Regulations Update

As the game of Water Basketball evolves and tactics are introduced, it is the responsibility of the Board and Umpires to manage these changes to ensure that the game remains fair and enjoyable for all. To a large extent this is achieved by implementing and (consistently) enforcing regulations that minimise ambiguous situations that can escalate into conflict.

For example, Screening is becoming a more commonly used tactic now and is regularly resulting in contact, with umpires sometimes not entirely clear on how to deal with this. Therefore the below new rules have been developed by the Board, reviewed and agreed to by the Umpires and will apply as of this season’s Round 13 on 28-Oct-15. We normally try to avoid introducing new rules during the season, but the Screening rule is a type of foul that is already covered by existing Contact and Barging rules, so it’s more a specific clarification than anything.

Therefore, note that the Screening rules should be read in conjunction with the rest of the Regulations.

15.22 Screening is an attempt by a player (screen setter) to delay or prevent an opponent (screen receiver) without the ball from reaching a desired position on the playing court.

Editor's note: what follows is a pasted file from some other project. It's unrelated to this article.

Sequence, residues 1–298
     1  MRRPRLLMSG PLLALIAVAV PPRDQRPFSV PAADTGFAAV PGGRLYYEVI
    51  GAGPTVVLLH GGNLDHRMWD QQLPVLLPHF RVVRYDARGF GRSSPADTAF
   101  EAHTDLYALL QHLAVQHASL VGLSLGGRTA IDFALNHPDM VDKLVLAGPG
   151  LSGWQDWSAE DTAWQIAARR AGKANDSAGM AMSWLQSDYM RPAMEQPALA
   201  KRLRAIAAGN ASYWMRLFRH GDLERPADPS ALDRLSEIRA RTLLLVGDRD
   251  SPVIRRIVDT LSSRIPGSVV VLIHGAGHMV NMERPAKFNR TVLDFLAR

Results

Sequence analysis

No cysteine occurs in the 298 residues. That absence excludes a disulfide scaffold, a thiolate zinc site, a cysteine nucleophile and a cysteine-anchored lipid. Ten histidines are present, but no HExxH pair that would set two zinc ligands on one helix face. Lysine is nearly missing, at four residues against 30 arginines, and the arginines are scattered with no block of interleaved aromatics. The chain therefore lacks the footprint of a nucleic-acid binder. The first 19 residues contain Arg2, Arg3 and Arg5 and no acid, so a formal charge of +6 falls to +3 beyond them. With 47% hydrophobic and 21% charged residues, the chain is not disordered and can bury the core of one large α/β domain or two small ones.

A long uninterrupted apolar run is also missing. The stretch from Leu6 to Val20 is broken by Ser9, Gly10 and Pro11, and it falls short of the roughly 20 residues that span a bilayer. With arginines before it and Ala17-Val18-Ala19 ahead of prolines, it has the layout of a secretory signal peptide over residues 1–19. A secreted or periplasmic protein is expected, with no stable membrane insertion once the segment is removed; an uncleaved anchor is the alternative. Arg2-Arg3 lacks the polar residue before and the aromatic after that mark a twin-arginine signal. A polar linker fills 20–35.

15.22.1 A player who sets an illegal screen is, depending on the type of contact, deemed to be committing a Contact, Impeding or Swimming-under violation. Legal screening is when the screen setter: Was stationary when contact occurs. Screens with the cylinder and not the arms.
15.22.2 If the screen receiver is aware of the legal screen being in place then strict barging rules apply.

15.22.3 If the screen receiver can’t reasonably see the screen then relaxed barging rules apply; meaning that if the contact with the screen setter is light and the screen receiver stops immediately upon that contact, play continues (Play On can be called for clarity). Alternatively, if the screen receiver keeps moving into the screen (hard or softly) or the contact is of significant impact, then barging is called on the screen receiver.

15.22.4 If a player, who is leading the screen receiver into the screen, pushes/nudges the screen receiver in the process then normal barging/contact rules apply to that player.

If you have any questions regarding this addition, please approach Dave or John on a game night.


About Water Basketball Tasmania
Water Basketball is a sport developed by The Hobart Aquatic Centre. It involves two teams of 6 players, who pass the ball down the pool to their goal end, which is a hoop similar to basketball. Each player wears flippers (and a cap to identify which team they are playing for). Goals are scored as two or three points depending how far from the goals you are.

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